Squiffy has always seemed to me to be a very intelligent child. Before he was two you could have proper conversations with him, and he could count to ten in French before he could in English. As a three year old, he has an incredible vocabulary and sense of humour. However, because of this he gets bored easily and has started to understand the benefits to him of a well-timed tantrum. Having no children myself, this obviously makes me very well qualified to lecture my sister (who is equally as strong willed as her child) about the role she plays in dealing with these tantrums. Easy.
It was all going so well...
We walked down to the Barbican from town, stopping to take random photos (A Ford Escort, a stone...) on his V-Tech Camera and chattering away about how utterly excited we were to be going to the aquarium (amateurish attempt by me and Mr G to distract him from the fact he had a massive wobbler last time he went).
Inside, we were having loads of fun looking in rock pools, learning why some starfish only had four arms (legs?), and I even managed to nip in the bud the beginnings of a tantrum over a jigsaw, so started to feel quite smug at the obvious natural parenting gift me and Mr G seemed to have.
That was until Squiffy stopped dead in his tracks at the start of a dark gangway, clung to my legs and went
"I don't want to go down there!"
"What's the matter, poppet?" I asked
"I'm frightened! I don't want to go down there!" He whimpered.
This went on for a few minutes whilst several other, presumably sedated, children strolled past us. I could feel myself starting to get flustered as I realised we were probably about to encounter the giant shark hanging from the ceiling that had freaked him out a few weeks ago. This wasn't supposed to happen!
"Right, come on! We'll run through and Uncle G will go first to make sure it's safe" I sang enthusiastically.
"Come on Uncle G! Off we go!" And with that, I scooped up Squiffy and confidently trotted along towards the next exhibit.
The beginnings of a warble started to ring out around the auditorium as we stood at the top looking towards the giant tank and Squiffy spotted above us what had previously scared him. A giant model of a whale suspended from the ceiling, along with a killer whale. I tightened my grip around him in anticipation. And then:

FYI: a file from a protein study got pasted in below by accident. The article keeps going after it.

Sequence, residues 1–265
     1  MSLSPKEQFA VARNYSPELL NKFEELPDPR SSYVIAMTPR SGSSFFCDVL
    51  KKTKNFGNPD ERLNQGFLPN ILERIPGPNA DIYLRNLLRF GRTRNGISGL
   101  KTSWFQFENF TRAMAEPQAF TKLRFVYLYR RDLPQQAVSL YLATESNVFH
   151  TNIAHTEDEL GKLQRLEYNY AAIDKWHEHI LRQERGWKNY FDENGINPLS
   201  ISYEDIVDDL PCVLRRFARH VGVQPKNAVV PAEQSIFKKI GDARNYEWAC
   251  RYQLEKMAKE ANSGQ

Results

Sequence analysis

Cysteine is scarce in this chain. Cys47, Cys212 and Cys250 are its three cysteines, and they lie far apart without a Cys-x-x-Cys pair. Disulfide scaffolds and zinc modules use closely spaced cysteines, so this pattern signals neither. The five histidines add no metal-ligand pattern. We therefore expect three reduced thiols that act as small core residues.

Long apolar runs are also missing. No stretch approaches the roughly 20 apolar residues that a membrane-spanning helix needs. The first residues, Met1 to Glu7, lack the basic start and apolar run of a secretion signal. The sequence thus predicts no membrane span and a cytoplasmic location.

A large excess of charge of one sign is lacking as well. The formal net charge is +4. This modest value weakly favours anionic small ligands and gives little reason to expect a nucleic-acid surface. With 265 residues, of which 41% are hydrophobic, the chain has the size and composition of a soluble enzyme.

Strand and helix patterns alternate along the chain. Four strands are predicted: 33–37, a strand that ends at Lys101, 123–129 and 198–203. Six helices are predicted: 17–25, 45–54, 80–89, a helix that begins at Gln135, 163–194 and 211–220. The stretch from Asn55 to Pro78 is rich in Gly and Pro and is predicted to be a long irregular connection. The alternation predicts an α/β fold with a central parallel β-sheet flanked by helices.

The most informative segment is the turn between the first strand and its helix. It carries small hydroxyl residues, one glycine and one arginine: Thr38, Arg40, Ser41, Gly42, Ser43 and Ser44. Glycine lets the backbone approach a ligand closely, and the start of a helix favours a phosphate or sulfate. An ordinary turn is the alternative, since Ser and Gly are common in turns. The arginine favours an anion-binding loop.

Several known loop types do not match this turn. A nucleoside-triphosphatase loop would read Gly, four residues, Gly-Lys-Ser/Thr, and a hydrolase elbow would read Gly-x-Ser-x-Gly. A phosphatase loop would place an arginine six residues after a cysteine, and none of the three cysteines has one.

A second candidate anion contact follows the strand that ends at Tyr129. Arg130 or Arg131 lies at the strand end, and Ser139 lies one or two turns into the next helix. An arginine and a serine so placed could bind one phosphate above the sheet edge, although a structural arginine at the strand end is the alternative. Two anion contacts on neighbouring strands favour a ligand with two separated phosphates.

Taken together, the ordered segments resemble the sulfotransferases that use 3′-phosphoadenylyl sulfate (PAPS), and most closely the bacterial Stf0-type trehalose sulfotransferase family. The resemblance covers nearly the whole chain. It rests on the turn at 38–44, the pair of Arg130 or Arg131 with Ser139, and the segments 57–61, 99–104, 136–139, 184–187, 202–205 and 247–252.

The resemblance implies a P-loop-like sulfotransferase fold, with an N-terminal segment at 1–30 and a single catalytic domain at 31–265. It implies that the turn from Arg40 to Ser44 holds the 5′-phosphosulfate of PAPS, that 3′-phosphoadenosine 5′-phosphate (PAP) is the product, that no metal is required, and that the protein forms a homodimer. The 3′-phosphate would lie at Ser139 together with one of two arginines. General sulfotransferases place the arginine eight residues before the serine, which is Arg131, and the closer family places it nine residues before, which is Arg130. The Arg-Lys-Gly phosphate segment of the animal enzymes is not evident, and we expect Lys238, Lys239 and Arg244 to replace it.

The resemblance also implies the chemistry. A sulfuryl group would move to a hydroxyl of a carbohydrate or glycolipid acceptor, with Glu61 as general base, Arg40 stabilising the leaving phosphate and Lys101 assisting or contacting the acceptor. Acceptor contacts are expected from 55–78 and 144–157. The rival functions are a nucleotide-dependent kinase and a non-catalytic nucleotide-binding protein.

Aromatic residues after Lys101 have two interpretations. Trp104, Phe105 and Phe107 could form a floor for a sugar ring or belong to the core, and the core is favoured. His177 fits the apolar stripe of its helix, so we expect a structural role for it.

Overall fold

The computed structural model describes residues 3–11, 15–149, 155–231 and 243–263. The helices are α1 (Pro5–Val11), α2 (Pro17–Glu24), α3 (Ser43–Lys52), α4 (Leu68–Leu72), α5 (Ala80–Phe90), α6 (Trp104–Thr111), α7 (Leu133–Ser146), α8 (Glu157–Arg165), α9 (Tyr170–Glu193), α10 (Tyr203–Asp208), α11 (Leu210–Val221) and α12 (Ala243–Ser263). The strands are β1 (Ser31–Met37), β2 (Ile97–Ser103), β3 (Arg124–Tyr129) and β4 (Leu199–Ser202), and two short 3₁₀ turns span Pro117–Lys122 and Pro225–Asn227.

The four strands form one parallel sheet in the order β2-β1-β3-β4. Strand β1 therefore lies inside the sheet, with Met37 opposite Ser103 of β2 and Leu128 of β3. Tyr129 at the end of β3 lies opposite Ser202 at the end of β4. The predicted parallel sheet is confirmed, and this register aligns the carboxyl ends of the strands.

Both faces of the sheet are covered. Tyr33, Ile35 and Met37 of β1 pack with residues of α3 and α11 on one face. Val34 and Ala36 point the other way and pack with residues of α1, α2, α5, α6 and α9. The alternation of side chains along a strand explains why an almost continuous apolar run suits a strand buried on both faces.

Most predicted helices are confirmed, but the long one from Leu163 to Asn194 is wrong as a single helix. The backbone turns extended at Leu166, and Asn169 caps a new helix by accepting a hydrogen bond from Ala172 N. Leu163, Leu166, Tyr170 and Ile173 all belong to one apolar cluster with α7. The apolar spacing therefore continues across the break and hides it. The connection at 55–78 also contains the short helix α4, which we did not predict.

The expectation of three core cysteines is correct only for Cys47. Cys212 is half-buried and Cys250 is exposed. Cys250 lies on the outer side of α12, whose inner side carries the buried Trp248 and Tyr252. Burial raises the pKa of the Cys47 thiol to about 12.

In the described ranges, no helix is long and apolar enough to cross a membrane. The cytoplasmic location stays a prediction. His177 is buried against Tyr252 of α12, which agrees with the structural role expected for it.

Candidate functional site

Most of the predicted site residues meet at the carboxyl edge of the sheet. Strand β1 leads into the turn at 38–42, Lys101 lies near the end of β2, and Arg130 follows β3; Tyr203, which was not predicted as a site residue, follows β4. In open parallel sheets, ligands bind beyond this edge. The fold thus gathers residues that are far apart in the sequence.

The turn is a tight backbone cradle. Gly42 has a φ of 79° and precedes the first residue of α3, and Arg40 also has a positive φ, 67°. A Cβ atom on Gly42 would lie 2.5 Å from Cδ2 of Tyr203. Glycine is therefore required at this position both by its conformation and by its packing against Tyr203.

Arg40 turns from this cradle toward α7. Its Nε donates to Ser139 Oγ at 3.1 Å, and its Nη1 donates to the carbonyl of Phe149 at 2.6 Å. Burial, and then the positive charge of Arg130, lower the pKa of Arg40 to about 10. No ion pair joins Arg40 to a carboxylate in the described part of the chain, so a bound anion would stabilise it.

"Oh. It's just a whale!" He said dismissively.
"YES! YES IT'S JUST A WHALE! HA HA HA THAT'S RIGHT! YES JUST A WHALE! HAHAHA" Me and Mr G laughed manically, simultaneously breathing massive sighs of relief whilst giving each other a knowing look - "Oh my God, we're going to be amazing parents!"
With a heartfelt reminder that if we all behaved we would be getting a special ice cream afterwards, I suggested that we go down and have a closer look at the fish. Everyone seemed to be in agreement so off we went. Suddenly, Squiffy spotted the model of the baby killer whale and stiffened.
And then the screaming started.
I looked at Mr G nervously. "What the...?"
Various attempts at distraction/ understanding/ ignoring/ laughing all failed miserably and by this point, we were standing in a high ceilinged auditorium with a three year old shouting between hysterical sobs, "I don't want to go to the aquarium ever again!".
When I realised nothing was working, we decided to move on to the next section, something of a tunnel, through which his cries of "The whale is scaring me!" could be heard echoing at either end.
Pretty soon I took the executive decision that we were leaving, and without saying anything to the screaming three year old, frantically tried to find the way out. I walked into a class room type thing where lots of Stepford families were sat peacefully cutting out fish shapes and gluing glitter to them, that was until my nephew hollered "I hate the aquarium!" and they all stopped what they were doing to look at me disapprovingly. Realising this was not, in fact the way out, I chortled loudly as if I was totally in control of the whole situation and not at all bothered, and finally found what I thought was the way out.
After a bit more foot stamping, wailing and rolling around on the floor (all of which I had to pretend to ignore), I realised this was not in fact, the way out, and I was now trapped in a garden with an agitated child, needing a wee, and the only way out was back through the bloody whale room. What the hell was I supposed to do now? This was not in the "Tantrums" book I'd read in preparation the night before.
Mr G finally caught us up after staying behind to find the sharks, and like a military operation we whisked him through practically the entire aquarium and back to the outside world. As our luck would have it, the bridge over to the Barbican was closed for a boat to go through so we were able to stand amongst the crowds of waiting people (aka a massive audience) as my nephew declared to everyone that he was not catching the bus home, but was going to walk the two miles instead.
"Alright love?!" I laughed to a stressed out Mr G.
"Just so you know, I'm still having an ice cream!" He informed me.
And so we sat there, feeling evil as we hastily woofed back our ice creams, giving ourselves brain freeze in front of a totally unbothered toddler, to teach him a very valuable lesson.
The lesson I learned from that entire episode was that as many people have long suspected, I have absolutely no idea how to look after a child and am now seriously reconsidering my own plans to start a family.
As quickly as it started, the tantrum was over. We then had fun on the bus home and the rest of the afternoon passed by without any further incident.
Later that evening after Fiver had been to pick up Squiffy, my friend came to pick me up for an evening out at around 5:30 and I was sound asleep. Presumably dreaming about all the stuff I missed at the Aquarium...